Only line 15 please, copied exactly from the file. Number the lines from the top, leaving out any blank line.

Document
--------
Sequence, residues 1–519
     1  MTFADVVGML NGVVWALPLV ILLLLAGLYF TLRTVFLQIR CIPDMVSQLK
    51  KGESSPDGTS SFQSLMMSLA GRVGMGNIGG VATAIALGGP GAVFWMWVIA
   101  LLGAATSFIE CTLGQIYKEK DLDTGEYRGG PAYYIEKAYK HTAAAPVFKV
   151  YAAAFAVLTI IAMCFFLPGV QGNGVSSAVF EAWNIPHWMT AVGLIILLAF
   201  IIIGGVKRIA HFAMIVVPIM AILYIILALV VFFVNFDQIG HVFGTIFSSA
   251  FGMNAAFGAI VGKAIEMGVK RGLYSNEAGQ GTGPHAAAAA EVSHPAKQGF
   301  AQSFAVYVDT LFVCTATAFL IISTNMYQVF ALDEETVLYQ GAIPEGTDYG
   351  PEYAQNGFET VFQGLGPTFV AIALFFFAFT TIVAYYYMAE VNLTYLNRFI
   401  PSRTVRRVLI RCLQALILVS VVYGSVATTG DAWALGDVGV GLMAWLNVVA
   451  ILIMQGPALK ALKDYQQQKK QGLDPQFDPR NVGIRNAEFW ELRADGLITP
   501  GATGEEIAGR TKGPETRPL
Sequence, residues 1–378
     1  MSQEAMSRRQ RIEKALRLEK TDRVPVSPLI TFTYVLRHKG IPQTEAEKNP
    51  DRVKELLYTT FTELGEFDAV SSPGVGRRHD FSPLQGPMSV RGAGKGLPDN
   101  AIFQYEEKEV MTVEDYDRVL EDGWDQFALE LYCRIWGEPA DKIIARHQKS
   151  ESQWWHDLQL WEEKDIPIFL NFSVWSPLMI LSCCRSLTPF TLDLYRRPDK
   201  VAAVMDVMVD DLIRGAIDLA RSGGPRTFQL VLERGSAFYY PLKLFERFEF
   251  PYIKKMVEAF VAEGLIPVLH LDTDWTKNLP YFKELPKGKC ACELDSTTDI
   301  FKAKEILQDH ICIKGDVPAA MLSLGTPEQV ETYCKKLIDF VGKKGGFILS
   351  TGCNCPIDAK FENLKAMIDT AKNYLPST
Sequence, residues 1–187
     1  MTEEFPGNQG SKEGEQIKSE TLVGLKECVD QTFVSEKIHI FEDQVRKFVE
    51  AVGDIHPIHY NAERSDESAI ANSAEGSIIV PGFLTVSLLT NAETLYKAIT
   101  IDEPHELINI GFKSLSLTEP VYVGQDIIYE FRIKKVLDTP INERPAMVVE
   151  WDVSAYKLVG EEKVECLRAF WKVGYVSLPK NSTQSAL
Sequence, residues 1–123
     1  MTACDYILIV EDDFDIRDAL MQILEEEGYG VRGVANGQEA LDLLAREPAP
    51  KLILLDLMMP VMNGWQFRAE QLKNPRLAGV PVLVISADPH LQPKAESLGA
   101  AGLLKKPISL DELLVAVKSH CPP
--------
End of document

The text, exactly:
    51  DRVKELLYTT FTELGEFDAV SSPGVGRRHD FSPLQGPMSV RGAGKGLPDN